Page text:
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While hoping for a 5 percent breakthrough, most Libertarians I talked to see Ed Clark’s 1 percent mark as the more realistic goal for Gary Johnson. “Certainly if we pass any of our past presidential vote totals, that will be growth,” says Carla Howell, executive director of the Libertarian National Committee. “Anything above that is gravy.”
What it would mean to miss this target is heavily disputed. “If he gets under 1 percent, if he doesn’t beat Ed Clark, that would be disappointing,” says John Vaught LeBeaume, an adviser to the Johnson campaign (who previously worked for the Reason Foundation, the nonprofit organization that publishes this magazine).
Longtime Libertarian Party activist Bill Redpath, by contrast, sees a glass half full. “Getting more than 1.06 percent of the vote…if we set a record, that would be a serious accomplishment, particularly this year,” Redpath says. “It’s a difficult thing. It would certainly be an accomplishment for the Johnson campaign to top Clark’s vote percentage.”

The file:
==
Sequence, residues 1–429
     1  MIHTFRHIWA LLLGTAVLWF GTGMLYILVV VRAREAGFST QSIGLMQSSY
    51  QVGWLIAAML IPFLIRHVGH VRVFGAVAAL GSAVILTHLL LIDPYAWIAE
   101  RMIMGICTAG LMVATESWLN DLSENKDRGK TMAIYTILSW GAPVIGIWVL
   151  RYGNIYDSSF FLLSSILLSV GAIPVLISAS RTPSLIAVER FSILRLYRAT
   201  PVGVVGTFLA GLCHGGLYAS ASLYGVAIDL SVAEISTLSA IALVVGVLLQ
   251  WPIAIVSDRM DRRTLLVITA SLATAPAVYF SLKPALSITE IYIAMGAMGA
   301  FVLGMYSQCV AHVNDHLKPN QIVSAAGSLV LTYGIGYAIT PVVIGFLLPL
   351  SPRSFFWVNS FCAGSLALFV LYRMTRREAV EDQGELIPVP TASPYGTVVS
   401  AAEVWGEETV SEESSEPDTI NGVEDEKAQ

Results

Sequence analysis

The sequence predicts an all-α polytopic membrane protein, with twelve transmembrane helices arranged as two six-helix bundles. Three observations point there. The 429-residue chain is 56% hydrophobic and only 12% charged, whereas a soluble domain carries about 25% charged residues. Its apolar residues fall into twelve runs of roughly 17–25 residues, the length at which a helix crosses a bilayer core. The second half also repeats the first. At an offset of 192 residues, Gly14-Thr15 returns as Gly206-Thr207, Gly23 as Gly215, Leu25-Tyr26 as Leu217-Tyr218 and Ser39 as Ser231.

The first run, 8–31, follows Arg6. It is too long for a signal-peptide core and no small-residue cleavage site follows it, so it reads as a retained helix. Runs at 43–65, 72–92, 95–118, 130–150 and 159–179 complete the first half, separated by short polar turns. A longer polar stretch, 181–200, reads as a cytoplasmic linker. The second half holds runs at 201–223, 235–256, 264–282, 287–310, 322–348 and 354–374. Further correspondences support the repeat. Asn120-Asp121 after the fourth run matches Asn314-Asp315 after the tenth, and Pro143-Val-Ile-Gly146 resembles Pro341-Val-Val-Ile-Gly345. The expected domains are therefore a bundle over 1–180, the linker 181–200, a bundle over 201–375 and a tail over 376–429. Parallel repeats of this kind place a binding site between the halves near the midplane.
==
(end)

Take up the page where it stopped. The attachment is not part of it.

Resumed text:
Some party activists draw the over/under line of 2012 disappointment closer to Harry Browne’s 0.50 percent. “If we’re around half a percent, then I would probably consider taking a long, hard look at what we did,” David Blau, chair of the Massachusetts Libertarian Party, told me in September “If we get numbers that are that low, I would be kind of surprised given the campaign effort this cycle.”
Wes Benedict, former executive director of the Libertarian National Committee, says the goal in 2012 is looking “for improvement” over Bob Barr’s 523,000 votes. “I’d like to see us go significantly higher than that,” Benedict told me in late August “I think Johnson will get more than 523,000. I would love to see a million, but that’s going be tough.…Under 600,000 would be disappointing.”